Source: Gender at Work
[This blog is part of a series, Walking the Talk: Think Tanks and Gender, profiles stories of the successes and challenges that TTI-supported think tanks have faced in addressing gender inequality. This series is edited by Gender at Work Associates Carol Miller, David Kelleher, and Aayushi Aggarwal, and Shannon Sutton from IDRC.]
I’ve always been interested in storytelling. A story is a time-tested way to pass experiences down from one person to another. A story is how wisdom is shared with the next generation, whether a historical text or a bedtime story, and it’s how we as development practitioners inspire action and change. Storytelling got me interested in communications and it’s the reason I believe that we need to build storytelling into all our project plans.
As a Senior Program Officer with Canada’s International Development Research Centre, I also recognize that, while we often expect partners to share stories about their experiences working with us, we rarely have an opportunity to build capacity around how to best do this. So, for this project, a collaboration with Gender at Work, we decided to do things differently.
We went beyond simply asking participants to write a policy brief or blog. Instead, we guided them — and ourselves — through a process aimed at surfacing stories of impact and transformation.
Along with the five think tanks participating in the Think Tank Initiative’s Gender Action Learning Project (learn more in our recent blog post on Using action learning to promote gender equality), we all met in Guatemala City in March 2019 for a ”Writeshop” with writing coach Ethan Gilsdorf. Ethan guided us through a process of private, personal and public writing, equipped us with tools and suggestions for pitching ideas, and encouraged us to dedicate time to writing (by hand, with pens and pencils!) daily in our journals. What he really did for many of us was reinvigorate a love of writing and storytelling. As Ethan describes:
Storytelling is about capturing an experience, in a narrative form, with a beginning, middle and end. Ideally, a story conveys some personal journey. By including dramatic situations, conflicts and dilemmas, and characters we can root for, great storytelling makes an individual, unique experience feel universal and conveys universal truths.
Throughout this 18-month action learning project, all the participants have been exploring a gender issue at their organizations, be it the research or their organization’s policies and practices, documenting the process, and using evidence to take action. For example, Nigeria’s Centre for Population and Environmental Development is working to develop an organizational-wide gender policy; El Salvador’s Fundación Salvadoreña para el Desarrollo Económico y Social has crafted a new Memorandum of Understanding to create a network of Salvadorean women; and BRAC Institute of Governance and Development in Bangladesh is working to integrate gender considerations in all research and project design. These and other stories are captured here in this Gender at Work series.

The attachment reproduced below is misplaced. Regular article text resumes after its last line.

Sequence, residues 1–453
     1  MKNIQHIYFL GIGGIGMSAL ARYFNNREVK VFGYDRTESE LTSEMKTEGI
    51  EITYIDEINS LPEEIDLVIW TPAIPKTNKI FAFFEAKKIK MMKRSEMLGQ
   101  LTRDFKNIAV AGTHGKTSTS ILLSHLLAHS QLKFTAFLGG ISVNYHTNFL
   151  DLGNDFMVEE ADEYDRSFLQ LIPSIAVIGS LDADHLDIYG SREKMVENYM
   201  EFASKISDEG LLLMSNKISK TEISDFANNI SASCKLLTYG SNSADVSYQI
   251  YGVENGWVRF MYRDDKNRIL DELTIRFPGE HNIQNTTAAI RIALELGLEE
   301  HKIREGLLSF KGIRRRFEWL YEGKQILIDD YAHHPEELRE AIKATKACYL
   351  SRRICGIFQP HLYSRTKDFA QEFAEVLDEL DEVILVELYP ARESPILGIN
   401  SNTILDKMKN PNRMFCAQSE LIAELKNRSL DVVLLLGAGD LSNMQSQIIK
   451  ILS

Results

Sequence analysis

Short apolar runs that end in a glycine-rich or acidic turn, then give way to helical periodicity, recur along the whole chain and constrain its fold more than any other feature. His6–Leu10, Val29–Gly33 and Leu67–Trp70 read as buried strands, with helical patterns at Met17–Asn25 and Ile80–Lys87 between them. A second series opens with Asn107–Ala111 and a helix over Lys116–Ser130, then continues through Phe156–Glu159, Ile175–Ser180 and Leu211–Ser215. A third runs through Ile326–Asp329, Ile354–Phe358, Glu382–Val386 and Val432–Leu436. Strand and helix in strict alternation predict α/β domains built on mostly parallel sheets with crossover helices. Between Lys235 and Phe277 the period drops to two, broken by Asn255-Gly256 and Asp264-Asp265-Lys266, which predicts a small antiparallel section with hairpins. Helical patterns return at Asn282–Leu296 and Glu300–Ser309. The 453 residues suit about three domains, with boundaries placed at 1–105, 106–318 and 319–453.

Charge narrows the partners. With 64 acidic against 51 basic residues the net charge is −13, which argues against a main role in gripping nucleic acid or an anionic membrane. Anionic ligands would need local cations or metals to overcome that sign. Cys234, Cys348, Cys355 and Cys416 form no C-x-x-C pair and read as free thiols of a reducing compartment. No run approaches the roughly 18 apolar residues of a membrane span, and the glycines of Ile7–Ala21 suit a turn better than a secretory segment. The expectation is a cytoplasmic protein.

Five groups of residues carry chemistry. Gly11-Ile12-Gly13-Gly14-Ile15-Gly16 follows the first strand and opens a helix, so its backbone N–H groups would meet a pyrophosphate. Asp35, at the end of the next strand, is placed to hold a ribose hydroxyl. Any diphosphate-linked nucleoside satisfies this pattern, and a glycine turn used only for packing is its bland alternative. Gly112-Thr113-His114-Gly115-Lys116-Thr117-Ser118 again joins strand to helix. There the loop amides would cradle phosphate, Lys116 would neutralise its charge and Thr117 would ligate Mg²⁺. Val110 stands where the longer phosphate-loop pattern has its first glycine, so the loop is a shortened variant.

This had me thinking about why we tell these stories, particularly in the world of international development. A few reasons came to mind and, given the participatory nature of this workshop, I had the opportunity to crowdsource these ideas.
Firstly, we tell stories to make sense of our own experiences. Reflecting on our projects helps us to understand our progress and what we are learning. For example, in one of the sessions I heard a participant say:
We know that gender isn’t just a women’s issue and I wonder if we should have focused more on projects that looked beyond the role of women.
The same individual also noted that she’s observed that her organization’s efforts to build institutional capacity around gender has had a major impact on the younger generation at her organization. By taking time to sit back and reflect on our experiences, we begin to understand the change process that we’re a part of and learn how to best strengthen our own work. As one participant noted:
We do this to build a common understanding of our collective experience. It allows us to make sense of what we’re doing and connect with others. We have similar experiences and this helps us to remember what we have in common.
Secondly, storytelling allows us to connect with people we otherwise wouldn’t reach. If only we could have an in-person conversation with all the organizations, fellow researchers, government agencies and funders we want to share our message with. Unfortunately, we must work to have our voices heard through all the noise that’s out there, particularly given social media. Finding ways to document and publish our stories, be they blog posts or op-eds, allows us to share our message with those we can’t speak with directly.
Thirdly, we tell stories so that others can learn from our experiences, and we can in turn learn from them. Unless we find a way to document what we’re doing, others won’t be able to learn from our work. Storytelling opens up a conversation about a topic, and allows us to both share our ideas as well as interact with others who can share their own experiences. As one participant said:
It’s about the ‘aha’ moment that comes from hearing someone else’s story. We don’t experience this alone.
Stories, and the process of telling them, can be transformative. Be they work-related or personal, the act of sharing these narratives helps us to make sense of our world, understand the experiences of others, build empathy, and inspire action and change. I hope you, the reader, enjoy the stories in this series, and I look forward to continuing to learn from all our participants as they share their ongoing journeys of organizational change.